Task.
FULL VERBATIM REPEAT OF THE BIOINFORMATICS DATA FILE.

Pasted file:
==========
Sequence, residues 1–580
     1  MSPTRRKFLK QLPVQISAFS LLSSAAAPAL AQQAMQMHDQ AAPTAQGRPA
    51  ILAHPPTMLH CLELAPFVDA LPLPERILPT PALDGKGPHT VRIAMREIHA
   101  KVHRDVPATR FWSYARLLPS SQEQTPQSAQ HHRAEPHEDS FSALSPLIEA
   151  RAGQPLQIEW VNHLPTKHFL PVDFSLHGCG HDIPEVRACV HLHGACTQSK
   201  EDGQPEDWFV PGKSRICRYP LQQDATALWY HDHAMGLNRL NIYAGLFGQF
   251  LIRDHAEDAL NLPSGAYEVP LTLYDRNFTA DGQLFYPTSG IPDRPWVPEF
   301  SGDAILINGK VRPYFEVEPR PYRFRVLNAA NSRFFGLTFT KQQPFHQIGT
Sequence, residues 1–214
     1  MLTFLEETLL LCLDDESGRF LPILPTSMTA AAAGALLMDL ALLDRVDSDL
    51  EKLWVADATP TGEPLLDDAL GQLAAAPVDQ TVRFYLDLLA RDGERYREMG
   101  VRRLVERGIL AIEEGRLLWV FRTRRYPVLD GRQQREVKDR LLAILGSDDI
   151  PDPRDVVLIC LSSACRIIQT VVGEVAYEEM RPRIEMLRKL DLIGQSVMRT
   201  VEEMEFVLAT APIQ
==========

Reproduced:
Sequence, residues 1–580
     1  MSPTRRKFLK QLPVQISAFS LLSSAAAPAL AQQAMQMHDQ AAPTAQGRPA
    51  ILAHPPTMLH CLELAPFVDA LPLPERILPT PALDGKGPHT VRIAMREIHA
   101  KVHRDVPATR FWSYARLLPS SQEQTPQSAQ HHRAEPHEDS FSALSPLIEA
   151  RAGQPLQIEW VNHLPTKHFL PVDFSLHGCG HDIPEVRACV HLHGACTQSK
   201  EDGQPEDWFV PGKSRICRYP LQQDATALWY HDHAMGLNRL NIYAGLFGQF
   251  LIRDHAEDAL NLPSGAYEVP LTLYDRNFTA DGQLFYPTSG IPDRPWVPEF
   301  SGDAILINGK VRPYFEVEPR PYRFRVLNAA NSRFFGLTFT KQQPFHQIGT
Sequence, residues 1–214
     1  MLTFLEETLL LCLDDESGRF LPILPTSMTA AAAGALLMDL ALLDRVDSDL
    51  EKLWVADATP TGEPLLDDAL GQLAAAPVDQ TVRFYLDLLA RDGERYREMG
   101  VRRLVERGIL AIEEGRLLWV FRTRRYPVLD GRQQREVKDR LLAILGSDDI
   151  PDPRDVVLIC LSSACRIIQT VVGEVAYEEM RPRIEMLRKL DLIGQSVMRT
   201  VEEMEFVLAT APIQ